AIKEN, S.C. — One by one, seven slithering Burmese pythons were dumped into a snake pit surrounded by 400 feet of reinforced fence at the Savannah River Ecology Lab in South Carolina.
As they were released last week by a handful of scientists, some of the serpents hissed and lunged, baring their fangs. Others coiled up under the brush. Two slid into a pond in the center of the pit, disappearing in a snaking trail of bubbles. Some were more than 10 feet long and thicker than a forearm. And for the next year all of them will call this snake pit — an enclosed area of tangled brush and trees — home.
Ecologists will track the exotic pythons, all captured in Florida, to determine if they can survive in climates a few hundred miles to the north. Using implanted radio transmitters and data recorders, the scientists will monitor the pythons' body temperature and physical condition.
The test could show whether the giant imported snakes, which can grow up to lengths of 25 feet, are able to spread throughout the Southeast.
The fast-growing population of snakes has been invading southern Florida's ecosystem since 1992, when scientists speculate a bevy of Burmese pythons was released into the wild after Hurricane Andrew shattered many pet shop terrariums.
Now scientists fear this invasive species is silently slithering northward.
"They of course have an impact on native species," said herpetologist Whit Gibbons, a professor of ecology at the University of Georgia and a member of the python project. "If you have a big old python eating five times as much as another species that eats the same prey, it's a competitive thing." The pythons compete with alligators, among other top predators.
Gibbons said a human is "just another prey item" to a python — especially a small human. Pythons are constrictor snakes and have been known to eat people in their native areas of Southeast Asia, he added.
"A 20-foot python, if it grabbed one of us, would bite us and then within just — instantly — seconds, it would be wrapped all the way around you and squeezing the life out of you," Gibbons said.
While pythons don't make a habit of attacking people and most aren't large enough to eat a person, Gibbons called the possibility a "nightmare."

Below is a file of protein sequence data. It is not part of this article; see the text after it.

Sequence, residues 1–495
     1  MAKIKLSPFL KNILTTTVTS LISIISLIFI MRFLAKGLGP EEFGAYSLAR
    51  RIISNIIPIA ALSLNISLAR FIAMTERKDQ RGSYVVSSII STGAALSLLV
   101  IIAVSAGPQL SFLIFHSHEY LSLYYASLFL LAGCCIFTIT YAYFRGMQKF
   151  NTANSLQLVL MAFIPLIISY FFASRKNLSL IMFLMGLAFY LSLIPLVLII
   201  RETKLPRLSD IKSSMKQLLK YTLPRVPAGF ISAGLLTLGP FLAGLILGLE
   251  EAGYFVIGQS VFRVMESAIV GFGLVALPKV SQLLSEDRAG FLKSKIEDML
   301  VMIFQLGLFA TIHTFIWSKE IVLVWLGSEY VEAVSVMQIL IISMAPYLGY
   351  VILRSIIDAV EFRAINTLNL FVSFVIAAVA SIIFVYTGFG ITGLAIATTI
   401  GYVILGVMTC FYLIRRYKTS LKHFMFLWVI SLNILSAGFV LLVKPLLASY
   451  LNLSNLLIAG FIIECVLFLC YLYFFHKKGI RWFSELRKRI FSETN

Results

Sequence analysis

"What about the first kitty cat they eat? Or the first little poodle? They'd love poodles, I imagine," he said.
Mike Dorcas, a professor at Davidson College in North Carolina, has sliced open pythons in Florida to find the remains of white-tailed deer, bobcats and large birds.
Dorcas is leading the experiment at the Savannah River Ecology Lab as part of a collaboration between the U.S. Geological Service, the National Park Service and the University of Florida.
He was prompted by a study released last year showing that the native habitat of Burmese pythons in Asia is a climate match for much of the southeastern U.S.
"The question is really, well, can they survive in a place like South Carolina or North Carolina or Arkansas or Tennessee?" Dorcas said.
One day before releasing the pythons into the pit, Dorcas snapped on latex gloves and surgically implanted radio transmitters into all seven. The transmitters enable scientists to keep track of the pythons' location and allow them to hunt down any that manage to escape.
All test subjects are male
What are the chances of escape? "We never want to say never. We've made the enclosure as snake-proof as possible but we've taken some other precautions," Dorcas said, noting that all of the pythons are males, so they wouldn't be able to reproduce.
The ecologists also inserted micro data loggers into each snake to record the internal temperature of the python every hour. After a year, Dorcas will remove the chips and download the information into a computer to discover how the snakes thermoregulate in a cooler climate.
Pythons are masters of disguise — slippery and quick — and all but one of the serpents was invisible within minutes of being deposited into the pit.
So counting pythons in the wild is a daunting task. Scientists don't have an accurate estimate of how many pythons are in Florida.
"It's certainly in the thousands, or tens of thousands, if not hundreds of thousands," said Gibbons.
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